The Wand-Maker’s Debate by Jack D. Albrecht and Ashley Delay

The Wand-Maker's DebateThe Wand-Maker's Debate by ,
Series: Osric's Wand #1
Published by: Self Published on
Genre: Fantasy, Magic, Young Adult
Pages: 206
Source: Amazon Freebie
Buy the BookGoodreads
Rating: 4/5

While the world leaders of Archana gather for an unprecedented peace treaty signing, tragedy strikes, and rumors spread of war. Osric; a young, untested leader, is thrust into the chaos and must journey far with his unlikely companions to stop the inevitable world war. Circumstance brought them together, but prophecy has entwined their fates.

Now, the young Vigile Contege, the world's greatest Wand-Maker, and a beautiful Maiden of the Unicorn must put aside their differences and work together, or watch as their homes are destroyed. Their understanding of magic will be challenged as they discover new methods and uses for their powers, and each day will only uncover more unanswerable questions to torment Osric's mind.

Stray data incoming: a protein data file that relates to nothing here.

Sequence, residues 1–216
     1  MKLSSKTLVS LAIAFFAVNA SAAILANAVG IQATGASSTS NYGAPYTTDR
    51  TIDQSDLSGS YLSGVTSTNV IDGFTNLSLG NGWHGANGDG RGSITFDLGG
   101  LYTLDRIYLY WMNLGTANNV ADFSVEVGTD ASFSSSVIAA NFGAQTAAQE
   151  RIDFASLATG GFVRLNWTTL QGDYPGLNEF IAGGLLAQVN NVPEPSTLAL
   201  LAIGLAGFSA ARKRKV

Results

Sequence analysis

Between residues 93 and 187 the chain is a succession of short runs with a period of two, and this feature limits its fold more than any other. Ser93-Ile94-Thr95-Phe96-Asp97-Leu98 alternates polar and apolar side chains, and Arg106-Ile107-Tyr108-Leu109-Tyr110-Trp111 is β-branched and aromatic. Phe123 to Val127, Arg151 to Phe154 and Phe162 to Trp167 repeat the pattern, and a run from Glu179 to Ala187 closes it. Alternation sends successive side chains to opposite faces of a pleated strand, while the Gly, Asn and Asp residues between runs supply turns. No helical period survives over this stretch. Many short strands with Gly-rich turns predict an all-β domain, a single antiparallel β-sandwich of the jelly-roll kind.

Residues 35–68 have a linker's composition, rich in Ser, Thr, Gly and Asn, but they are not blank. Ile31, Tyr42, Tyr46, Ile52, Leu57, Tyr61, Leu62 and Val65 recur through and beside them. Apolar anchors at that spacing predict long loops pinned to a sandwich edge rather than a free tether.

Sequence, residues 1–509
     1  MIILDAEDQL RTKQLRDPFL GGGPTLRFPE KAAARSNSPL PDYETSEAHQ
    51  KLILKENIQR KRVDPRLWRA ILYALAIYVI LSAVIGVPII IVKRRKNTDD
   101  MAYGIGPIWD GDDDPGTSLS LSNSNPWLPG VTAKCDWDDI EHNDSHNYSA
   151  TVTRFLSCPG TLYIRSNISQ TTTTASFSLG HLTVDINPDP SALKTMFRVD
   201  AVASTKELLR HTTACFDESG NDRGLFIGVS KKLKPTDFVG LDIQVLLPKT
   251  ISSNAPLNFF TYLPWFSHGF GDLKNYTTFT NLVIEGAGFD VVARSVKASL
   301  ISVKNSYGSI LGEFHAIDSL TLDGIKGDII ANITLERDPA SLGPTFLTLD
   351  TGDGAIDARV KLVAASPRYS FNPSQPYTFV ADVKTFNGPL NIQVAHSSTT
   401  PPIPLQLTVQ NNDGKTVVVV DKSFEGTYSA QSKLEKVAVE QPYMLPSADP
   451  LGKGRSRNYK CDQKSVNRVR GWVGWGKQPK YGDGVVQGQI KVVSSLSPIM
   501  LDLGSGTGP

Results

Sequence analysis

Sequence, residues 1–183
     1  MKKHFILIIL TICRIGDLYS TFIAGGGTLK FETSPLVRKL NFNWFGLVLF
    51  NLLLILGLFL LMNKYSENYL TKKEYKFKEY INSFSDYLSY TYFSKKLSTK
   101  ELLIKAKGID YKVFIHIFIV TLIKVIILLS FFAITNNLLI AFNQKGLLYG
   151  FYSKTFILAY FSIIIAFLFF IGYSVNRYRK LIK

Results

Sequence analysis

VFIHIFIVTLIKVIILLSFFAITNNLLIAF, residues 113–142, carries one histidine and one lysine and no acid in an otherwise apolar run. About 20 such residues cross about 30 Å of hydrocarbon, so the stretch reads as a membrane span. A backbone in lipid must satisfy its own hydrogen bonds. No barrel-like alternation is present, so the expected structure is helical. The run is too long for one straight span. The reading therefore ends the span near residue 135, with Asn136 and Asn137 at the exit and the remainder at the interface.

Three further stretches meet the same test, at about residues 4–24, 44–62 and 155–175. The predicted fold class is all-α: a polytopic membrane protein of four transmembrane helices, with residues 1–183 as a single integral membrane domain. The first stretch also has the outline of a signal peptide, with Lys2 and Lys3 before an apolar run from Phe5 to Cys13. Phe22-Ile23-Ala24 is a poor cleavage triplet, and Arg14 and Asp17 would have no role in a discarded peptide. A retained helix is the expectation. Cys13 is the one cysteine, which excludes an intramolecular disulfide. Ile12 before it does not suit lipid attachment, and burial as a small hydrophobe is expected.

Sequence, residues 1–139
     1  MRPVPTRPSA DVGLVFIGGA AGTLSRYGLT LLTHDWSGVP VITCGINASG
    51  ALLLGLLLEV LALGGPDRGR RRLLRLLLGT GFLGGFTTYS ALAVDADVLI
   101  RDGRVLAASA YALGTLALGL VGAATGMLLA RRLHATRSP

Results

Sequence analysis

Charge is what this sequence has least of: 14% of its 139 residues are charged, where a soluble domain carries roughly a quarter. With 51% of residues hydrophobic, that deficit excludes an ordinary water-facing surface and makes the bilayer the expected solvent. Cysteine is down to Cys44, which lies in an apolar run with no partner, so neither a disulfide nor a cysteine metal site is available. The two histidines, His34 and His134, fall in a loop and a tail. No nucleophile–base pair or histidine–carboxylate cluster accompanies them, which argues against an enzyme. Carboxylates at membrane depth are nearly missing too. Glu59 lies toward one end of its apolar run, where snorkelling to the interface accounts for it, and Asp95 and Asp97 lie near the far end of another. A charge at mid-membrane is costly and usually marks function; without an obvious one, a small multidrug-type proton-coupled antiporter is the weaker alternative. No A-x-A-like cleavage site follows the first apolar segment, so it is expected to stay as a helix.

Why was the signing attacked? What do the unicorns want with him? How do you read a book with no words? What is so special about his wand?

This book is perfect for fans of epic fantasy books like Eragon and Harry Potter!

The Wand-Maker’s Debate starts off introducing us to an incredible world of magic, dwarves, dragons, and talking animals (“talking animals” sounds so childish when you say it like that, but it’s actually awesome) in a land called Archana. Everyone is born with magic, but wands are used to channel and enhance that magic. The level of someone’s magical ability is judged through a combination of skill and the quality of their wand.